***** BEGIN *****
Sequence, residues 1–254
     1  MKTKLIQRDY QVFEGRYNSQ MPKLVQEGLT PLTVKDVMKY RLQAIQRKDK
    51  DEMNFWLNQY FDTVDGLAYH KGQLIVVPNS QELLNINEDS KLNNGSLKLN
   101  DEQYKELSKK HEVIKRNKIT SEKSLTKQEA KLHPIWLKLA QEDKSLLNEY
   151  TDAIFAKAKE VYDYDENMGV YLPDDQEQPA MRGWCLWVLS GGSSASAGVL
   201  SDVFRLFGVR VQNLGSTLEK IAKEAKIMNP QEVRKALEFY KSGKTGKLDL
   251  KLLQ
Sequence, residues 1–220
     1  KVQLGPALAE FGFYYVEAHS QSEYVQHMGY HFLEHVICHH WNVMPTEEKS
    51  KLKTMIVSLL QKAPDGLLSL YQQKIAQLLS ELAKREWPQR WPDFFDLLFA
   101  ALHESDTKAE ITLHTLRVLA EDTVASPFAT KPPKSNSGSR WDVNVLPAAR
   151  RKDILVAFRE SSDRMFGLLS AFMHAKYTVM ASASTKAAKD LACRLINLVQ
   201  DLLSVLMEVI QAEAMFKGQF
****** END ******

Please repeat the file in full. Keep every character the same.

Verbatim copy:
Sequence, residues 1–254
     1  MKTKLIQRDY QVFEGRYNSQ MPKLVQEGLT PLTVKDVMKY RLQAIQRKDK
    51  DEMNFWLNQY FDTVDGLAYH KGQLIVVPNS QELLNINEDS KLNNGSLKLN
   101  DEQYKELSKK HEVIKRNKIT SEKSLTKQEA KLHPIWLKLA QEDKSLLNEY
   151  TDAIFAKAKE VYDYDENMGV YLPDDQEQPA MRGWCLWVLS GGSSASAGVL
   201  SDVFRLFGVR VQNLGSTLEK IAKEAKIMNP QEVRKALEFY KSGKTGKLDL
   251  KLLQ
Sequence, residues 1–220
     1  KVQLGPALAE FGFYYVEAHS QSEYVQHMGY HFLEHVICHH WNVMPTEEKS
    51  KLKTMIVSLL QKAPDGLLSL YQQKIAQLLS ELAKREWPQR WPDFFDLLFA
   101  ALHESDTKAE ITLHTLRVLA EDTVASPFAT KPPKSNSGSR WDVNVLPAAR
   151  RKDILVAFRE SSDRMFGLLS AFMHAKYTVM ASASTKAAKD LACRLINLVQ
   201  DLLSVLMEVI QAEAMFKGQF